A Summer Trip to Hershey Medical Center
This summer has been trying time for Penn State students and it’s been hard to find something positive in all this mess. However, this past Thursday I was lucky enough to visit the Penn State Hershey Medical Center as a part of the Entertainment committee for THON.
People were more than welcoming to us, as student representatives of the university, and opened up their hearts so they can tell us their stories and thank us for what we have accomplished at THON.
During the past year, the Penn State Hershey Children’s Hospital (PSHCH) has earned awards for treatment in the the following:
- U.S. News and World Report Best Children’s Hospital – Cancer
- U.S. News and World Report Best Children’s Hospital – Diabetes & Endocrinology
- U.S. News and World Report Best Children’s Hospital – Orthopedics
These awards are given to the nation’s top 50 hospitals in ten separate categories, and this was the first year they have ranked in three. Several staff members including Matt Wain, the Chief Operating Officer of the Hershey Medical Center, acknowledged how this would not entirely be possible without the Penn State Dance Marathon.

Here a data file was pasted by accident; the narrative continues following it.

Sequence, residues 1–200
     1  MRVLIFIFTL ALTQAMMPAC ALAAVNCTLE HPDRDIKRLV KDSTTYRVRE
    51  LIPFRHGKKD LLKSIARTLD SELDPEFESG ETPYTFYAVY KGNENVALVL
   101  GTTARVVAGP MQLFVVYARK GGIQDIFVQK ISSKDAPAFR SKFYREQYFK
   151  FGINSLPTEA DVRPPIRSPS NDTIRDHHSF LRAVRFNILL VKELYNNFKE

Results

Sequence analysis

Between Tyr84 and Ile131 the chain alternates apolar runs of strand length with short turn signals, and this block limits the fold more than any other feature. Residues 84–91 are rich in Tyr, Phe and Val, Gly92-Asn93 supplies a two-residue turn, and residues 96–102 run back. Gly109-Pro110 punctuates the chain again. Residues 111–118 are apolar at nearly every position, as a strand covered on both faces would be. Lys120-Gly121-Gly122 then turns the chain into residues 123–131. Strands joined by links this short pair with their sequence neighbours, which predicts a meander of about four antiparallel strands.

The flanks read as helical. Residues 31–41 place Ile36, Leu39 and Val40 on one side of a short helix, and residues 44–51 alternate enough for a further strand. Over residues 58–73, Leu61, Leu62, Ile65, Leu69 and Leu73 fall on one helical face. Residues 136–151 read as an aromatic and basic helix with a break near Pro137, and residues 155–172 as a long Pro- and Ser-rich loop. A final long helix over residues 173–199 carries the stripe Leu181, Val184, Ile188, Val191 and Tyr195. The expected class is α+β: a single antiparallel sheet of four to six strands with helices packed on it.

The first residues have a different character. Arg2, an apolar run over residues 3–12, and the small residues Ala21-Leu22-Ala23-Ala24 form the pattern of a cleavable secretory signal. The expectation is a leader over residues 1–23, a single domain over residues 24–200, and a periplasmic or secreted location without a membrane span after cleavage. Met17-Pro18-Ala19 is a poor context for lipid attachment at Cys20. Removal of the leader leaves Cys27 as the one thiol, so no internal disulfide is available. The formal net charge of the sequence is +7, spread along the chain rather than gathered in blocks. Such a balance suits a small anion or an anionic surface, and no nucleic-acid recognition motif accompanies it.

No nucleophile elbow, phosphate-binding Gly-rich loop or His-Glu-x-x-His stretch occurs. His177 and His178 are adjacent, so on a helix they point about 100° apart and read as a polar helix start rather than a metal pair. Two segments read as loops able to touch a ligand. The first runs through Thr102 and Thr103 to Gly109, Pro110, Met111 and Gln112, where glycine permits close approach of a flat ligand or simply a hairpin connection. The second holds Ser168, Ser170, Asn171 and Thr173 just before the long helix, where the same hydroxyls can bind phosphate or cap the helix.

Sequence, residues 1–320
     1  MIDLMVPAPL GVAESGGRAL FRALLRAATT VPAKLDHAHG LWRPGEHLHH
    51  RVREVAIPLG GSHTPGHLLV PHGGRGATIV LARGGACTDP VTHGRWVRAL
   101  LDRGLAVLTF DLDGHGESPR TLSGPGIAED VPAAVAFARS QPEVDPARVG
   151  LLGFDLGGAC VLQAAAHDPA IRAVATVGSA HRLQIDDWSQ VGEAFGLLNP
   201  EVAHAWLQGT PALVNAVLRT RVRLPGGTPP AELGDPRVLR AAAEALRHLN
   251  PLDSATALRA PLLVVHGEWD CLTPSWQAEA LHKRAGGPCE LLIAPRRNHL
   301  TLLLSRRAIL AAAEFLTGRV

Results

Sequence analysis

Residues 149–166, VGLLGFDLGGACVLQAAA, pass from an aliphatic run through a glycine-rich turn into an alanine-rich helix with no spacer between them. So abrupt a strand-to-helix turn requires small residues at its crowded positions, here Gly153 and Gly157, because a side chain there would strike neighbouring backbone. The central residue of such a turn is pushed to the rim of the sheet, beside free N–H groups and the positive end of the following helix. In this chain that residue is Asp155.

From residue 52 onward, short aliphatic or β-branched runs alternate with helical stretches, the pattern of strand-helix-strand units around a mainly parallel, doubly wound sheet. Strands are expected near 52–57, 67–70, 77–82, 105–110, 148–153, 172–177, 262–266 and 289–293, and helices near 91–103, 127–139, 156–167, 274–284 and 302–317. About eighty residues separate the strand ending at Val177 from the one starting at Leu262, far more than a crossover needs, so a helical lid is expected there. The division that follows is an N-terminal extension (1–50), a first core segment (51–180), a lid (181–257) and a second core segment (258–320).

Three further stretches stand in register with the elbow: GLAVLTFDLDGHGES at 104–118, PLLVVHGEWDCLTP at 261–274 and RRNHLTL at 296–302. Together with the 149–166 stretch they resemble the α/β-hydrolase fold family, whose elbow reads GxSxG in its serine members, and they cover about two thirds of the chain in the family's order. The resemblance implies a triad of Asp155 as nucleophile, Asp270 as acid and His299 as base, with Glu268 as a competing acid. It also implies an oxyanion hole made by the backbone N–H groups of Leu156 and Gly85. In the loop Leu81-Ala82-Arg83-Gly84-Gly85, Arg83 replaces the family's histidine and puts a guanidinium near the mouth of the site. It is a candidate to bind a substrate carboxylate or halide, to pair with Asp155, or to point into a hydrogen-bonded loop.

He insisted that the University’s contributions to the Four Diamonds Fund have done wonders for the hospital, cancer research, and of course, those unfortunate children who have to battle with various forms of pediatric cancer. The best news of the day was that the four-floor addition, which is strictly for Cancer Care, will be opening this coming November.
The already prestigious hopsital will now have an addition because of the contributions from THON. Penn State pledged $10 million towards this new facility, and now the first floor — which will be for Outpatient Care — dedicated to all those who have danced, donated, and supported THON since 1977.
This is what THON helped create…
…and this is what it will look like when finished.
Your ad blocker is on.
Please choose an option below.
Purchase a Subscription!
About the Author
Tim’s Law adds stricter penalties for hazing, as well as provides requirements for institutions and includes immunity for those who call for medical attention in hazing emergencies.
After 12 months, what began as an English 202 project is making Greek Life safer.
Send this to a friend